About a dozen years ago we moved from that court filled with young families and responsible neighbors to another court barely a mile down the road. The sense of community and family that existed there was gone. And a handful of years ago somebody moved in down the street and around the corner. They host a party every 4th of July that goes beyond all that is reasonable for a suburban residential neighborhood. Which I’ll get back to in a moment.
The other thing that happened over the last few years was that we typically spent the 4th at a friend’s house. Barbecuing, swimming, and setting off the legal stuff. But that has dwindled a bit and I’ve tended to be home on the 4th the last year or two. And again this year. What I’ve discovered in those years is that our neighborhood sounds like a war zone from about 9:00 until well past midnight. Illegal fireworks everywhere. Not just M-80s, but also the kind of fireworks that shoot up into the sky. A few years ago, one of those fireworks landed on the roof of a house that is about 1/2 mile from our house. Needless to say there was a fire and the residents of that house didn’t move back in for months afterwards. It amazes me how much illegal activity goes on in our neighborhood on the 4th. Illegal behavior that places everybody in the neighborhood at risk.
Which leads me to the people who live down the street and around the corner. They host this party. Hundreds come. They have big screen TVs apparently. Flags everywhere. Porta-potties for the guests. And an elevated platform for shooting off all sorts of fireworks that shoot into the sky. In a residential neighborhood full of houses. I’m told they get a permit for this. And if they do, there’s a fundamental problem with the permit process in the county I live in. This kind of party should not be allowed in a residential neighborhood.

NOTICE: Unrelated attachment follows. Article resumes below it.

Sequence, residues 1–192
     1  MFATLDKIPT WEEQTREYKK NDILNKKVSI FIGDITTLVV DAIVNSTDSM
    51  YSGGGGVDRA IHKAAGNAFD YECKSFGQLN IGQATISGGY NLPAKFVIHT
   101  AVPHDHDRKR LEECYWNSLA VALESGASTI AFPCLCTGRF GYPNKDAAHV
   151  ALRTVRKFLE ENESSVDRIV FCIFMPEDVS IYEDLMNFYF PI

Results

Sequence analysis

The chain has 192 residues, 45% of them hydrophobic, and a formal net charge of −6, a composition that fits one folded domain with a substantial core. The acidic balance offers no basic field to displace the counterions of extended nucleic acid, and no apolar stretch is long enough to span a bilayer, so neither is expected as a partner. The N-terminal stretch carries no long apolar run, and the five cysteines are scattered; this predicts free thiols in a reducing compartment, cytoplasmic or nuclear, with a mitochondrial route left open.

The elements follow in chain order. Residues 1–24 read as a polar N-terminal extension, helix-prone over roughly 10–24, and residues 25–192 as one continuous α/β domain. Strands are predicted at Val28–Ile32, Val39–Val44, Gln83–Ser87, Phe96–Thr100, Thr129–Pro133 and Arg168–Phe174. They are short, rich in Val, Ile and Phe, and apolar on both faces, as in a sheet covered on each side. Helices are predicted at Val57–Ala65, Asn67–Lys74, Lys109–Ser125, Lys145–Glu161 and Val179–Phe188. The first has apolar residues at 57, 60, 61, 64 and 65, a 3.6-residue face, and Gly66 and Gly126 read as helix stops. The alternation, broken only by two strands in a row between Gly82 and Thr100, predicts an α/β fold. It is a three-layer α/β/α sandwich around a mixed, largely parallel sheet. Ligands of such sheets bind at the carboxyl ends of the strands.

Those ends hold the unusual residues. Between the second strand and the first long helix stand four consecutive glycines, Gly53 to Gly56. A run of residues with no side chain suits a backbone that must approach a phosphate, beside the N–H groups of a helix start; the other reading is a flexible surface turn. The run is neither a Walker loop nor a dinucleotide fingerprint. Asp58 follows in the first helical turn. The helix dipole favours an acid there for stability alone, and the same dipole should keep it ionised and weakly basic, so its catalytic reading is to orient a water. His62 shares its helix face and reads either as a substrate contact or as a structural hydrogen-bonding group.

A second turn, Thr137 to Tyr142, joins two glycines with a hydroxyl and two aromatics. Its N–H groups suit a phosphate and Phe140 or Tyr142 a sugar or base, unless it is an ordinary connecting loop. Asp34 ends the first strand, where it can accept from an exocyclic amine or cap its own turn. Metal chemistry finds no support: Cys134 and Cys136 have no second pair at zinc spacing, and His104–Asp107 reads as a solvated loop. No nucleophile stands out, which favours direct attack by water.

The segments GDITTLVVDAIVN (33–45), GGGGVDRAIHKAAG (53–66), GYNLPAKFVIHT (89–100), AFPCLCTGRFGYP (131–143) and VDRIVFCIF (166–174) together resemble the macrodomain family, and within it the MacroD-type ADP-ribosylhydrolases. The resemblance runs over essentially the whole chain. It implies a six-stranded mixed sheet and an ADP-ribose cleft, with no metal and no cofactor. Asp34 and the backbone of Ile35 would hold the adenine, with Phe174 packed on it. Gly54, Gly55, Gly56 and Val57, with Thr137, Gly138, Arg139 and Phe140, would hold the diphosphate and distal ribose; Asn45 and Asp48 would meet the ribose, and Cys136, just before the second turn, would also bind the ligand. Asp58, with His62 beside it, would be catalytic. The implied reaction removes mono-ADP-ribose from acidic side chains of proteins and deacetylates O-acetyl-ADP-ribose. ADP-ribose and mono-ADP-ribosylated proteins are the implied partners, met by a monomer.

What the 4th of July, our independence day, has become for me is this monumental exercise in “if I can do it, I’m going to do it. If I believe I have the right to this, than I’m going to do it.” There is no regard for neighbors. No regard for the risks that are created by this. It is simply — I want to do it, I’m gonna do it. And if I’ve got a problem with it, it’s because I’m a stick in the mud, a wimp, an unpatriotic American.
On a local community website, I posted my opinion about this party — that it demonstrated the hosts’ lack of respect for their neighbors. For that, of course, my patriotism was attacked. Because, you know, nothing says America like setting off illegal explosives in our neighborhoods!
The reality is that I really don’t like too many holidays anymore. Thanksgiving. Bah. It’s all about gorging on food — most of which I don’t like. Christmas/Hanukah — it’s all about materialism that masks our inability to treat each other with love and respect the rest of the year. But they pale in comparison to the 4th. This is a holiday that has become particularly odious because the actions of those who demand their right to celebrate endanger all of us.
I wish it was another way. In my ideal world, we would celebrate our day of independence by remembering our responsibilities as citizens and neighbors. Yeah, that’ll never happen.